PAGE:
Negative match – when you use the minus sign before a keyword, ‘-‘, your ads will not show for searches of that keyword. You would use this match type to exclude keywords.
How to use this:
Brand – If you’re just starting out with Google Adwords, you’ll want to create a brand campaign that includes an adgroup that only targets your brand name variations in exact match format as well as an additional brand adgroup that will target your brand name in broad match format.
In this manner, you can both catch those who searched for your brand exactly and show the the most relevant ads and also do some market research and see what other things people tend to include when they search for your brand (the broad option) in order to expand your keyword lists in the future.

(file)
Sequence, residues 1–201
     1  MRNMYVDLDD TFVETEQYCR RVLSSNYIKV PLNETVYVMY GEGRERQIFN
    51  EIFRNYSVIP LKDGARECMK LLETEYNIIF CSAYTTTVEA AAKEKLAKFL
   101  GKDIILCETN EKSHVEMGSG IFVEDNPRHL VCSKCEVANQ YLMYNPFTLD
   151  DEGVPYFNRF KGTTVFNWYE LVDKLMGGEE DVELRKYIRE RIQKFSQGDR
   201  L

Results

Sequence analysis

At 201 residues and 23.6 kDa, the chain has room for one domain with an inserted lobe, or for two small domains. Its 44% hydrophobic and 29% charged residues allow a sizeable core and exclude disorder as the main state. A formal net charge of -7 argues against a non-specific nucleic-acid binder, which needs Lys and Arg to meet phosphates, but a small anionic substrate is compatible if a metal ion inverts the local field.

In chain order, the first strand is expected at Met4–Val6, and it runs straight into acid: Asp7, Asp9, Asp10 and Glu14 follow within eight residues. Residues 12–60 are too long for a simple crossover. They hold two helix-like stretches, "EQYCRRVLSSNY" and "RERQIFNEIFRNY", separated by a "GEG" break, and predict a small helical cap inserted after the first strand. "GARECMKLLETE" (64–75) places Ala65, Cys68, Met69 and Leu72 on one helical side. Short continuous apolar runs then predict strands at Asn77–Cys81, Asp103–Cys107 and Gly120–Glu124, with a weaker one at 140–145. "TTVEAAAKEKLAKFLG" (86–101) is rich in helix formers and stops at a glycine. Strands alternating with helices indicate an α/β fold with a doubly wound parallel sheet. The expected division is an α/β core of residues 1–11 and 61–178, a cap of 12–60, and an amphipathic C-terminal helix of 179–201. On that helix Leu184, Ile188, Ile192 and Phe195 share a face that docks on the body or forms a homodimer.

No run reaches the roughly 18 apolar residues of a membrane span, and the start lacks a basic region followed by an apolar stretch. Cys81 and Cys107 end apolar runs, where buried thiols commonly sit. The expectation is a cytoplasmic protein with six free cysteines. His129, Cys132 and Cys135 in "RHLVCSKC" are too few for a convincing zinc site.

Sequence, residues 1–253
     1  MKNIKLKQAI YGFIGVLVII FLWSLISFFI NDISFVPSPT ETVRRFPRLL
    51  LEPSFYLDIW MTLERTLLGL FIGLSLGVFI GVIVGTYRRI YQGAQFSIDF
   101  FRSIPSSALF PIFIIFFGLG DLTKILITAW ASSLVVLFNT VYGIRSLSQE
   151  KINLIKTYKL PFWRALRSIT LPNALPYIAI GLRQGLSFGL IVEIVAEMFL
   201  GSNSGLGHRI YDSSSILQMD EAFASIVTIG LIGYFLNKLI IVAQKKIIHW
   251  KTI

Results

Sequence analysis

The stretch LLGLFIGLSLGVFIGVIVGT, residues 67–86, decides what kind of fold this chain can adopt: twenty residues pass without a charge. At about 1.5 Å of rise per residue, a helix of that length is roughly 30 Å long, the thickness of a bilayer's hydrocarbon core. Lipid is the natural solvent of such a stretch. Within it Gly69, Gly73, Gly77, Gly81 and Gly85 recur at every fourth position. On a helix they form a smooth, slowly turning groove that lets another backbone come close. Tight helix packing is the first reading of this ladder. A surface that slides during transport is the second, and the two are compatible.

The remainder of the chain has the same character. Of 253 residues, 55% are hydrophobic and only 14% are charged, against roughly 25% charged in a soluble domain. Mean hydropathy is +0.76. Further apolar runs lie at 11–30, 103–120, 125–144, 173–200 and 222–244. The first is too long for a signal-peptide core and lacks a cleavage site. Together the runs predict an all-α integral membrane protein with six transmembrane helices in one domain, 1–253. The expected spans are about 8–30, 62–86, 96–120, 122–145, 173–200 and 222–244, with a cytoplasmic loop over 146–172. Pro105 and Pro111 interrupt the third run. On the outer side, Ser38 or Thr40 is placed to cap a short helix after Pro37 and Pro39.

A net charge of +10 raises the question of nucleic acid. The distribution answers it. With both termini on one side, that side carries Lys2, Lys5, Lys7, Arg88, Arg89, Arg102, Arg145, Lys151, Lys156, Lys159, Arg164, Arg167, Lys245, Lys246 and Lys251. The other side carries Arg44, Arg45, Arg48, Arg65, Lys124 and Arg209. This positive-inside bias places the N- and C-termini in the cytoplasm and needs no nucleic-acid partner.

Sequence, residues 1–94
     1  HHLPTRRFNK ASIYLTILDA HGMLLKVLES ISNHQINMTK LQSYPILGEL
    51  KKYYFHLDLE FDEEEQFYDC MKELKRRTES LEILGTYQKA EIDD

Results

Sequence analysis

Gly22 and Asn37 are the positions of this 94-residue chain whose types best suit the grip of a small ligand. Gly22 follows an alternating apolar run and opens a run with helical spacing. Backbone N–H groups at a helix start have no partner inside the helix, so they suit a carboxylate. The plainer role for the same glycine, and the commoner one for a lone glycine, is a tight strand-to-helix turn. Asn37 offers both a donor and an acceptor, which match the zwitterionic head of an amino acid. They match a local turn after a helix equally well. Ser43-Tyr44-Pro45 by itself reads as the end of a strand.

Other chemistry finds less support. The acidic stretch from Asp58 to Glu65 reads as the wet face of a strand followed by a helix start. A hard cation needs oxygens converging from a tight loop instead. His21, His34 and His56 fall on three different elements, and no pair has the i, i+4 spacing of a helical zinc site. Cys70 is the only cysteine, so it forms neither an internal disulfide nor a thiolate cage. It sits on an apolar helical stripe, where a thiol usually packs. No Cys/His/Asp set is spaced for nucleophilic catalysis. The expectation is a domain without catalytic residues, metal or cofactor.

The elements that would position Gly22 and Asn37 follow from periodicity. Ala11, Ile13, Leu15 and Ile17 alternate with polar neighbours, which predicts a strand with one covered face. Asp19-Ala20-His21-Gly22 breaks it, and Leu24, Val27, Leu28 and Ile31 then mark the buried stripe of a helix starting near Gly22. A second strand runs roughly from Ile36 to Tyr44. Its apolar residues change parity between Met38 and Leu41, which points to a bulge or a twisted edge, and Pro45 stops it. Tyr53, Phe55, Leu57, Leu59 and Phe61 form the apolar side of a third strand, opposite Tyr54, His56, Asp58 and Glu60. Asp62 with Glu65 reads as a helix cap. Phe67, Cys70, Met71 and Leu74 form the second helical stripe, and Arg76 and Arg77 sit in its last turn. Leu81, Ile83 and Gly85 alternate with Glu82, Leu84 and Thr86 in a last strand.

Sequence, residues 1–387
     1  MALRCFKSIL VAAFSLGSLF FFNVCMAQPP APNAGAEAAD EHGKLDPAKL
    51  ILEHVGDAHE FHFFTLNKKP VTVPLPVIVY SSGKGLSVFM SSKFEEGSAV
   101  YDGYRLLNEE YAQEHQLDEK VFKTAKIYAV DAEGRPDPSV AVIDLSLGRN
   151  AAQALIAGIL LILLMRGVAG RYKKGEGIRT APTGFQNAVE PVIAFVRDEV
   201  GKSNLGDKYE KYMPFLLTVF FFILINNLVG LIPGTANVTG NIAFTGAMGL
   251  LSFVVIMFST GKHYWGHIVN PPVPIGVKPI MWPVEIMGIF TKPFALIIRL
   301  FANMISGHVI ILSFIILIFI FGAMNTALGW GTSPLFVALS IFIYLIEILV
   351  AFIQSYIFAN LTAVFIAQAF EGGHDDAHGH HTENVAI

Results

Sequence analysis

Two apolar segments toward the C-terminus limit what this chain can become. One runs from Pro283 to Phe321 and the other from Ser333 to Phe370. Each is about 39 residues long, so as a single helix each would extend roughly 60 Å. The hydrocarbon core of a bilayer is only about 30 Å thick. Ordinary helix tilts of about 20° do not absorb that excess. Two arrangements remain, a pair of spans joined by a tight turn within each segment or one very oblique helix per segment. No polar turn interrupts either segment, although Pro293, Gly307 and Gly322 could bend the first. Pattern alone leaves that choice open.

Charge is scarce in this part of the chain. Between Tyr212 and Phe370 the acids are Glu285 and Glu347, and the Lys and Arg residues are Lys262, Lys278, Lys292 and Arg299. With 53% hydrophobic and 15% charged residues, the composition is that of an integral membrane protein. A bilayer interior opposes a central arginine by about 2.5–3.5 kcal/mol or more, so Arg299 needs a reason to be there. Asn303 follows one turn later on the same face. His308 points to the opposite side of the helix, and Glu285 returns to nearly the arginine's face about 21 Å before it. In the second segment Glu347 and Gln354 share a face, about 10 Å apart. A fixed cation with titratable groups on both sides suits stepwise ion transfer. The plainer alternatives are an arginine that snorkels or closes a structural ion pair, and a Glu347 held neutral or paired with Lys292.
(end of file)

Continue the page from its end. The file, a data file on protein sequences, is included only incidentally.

Non-brand – By default, you should start out non-brand campaigns targeting broad match keywords. After you’ve accumulated enough data on what people search for exactly and see which searches convert better for you, you can start optimizing – creating adgroups for specific phrase and exact match keywords with specific an highly relevant ad-copy for each.
As mentioned above, you should always add UTMs to your ads. But that’s not all, you should also integrate your Google Adwords account and Google Analtycs account.
Once you’ve done this, you can import goals you’ve set up in Google Analytics into Google Adwords, see right in the Google Adwords interface which campaigns/ adgroups/ ads were able to reach those goals for a better cost and optimize accordingly.
*I’ll add a detailed post about conversion goals soon.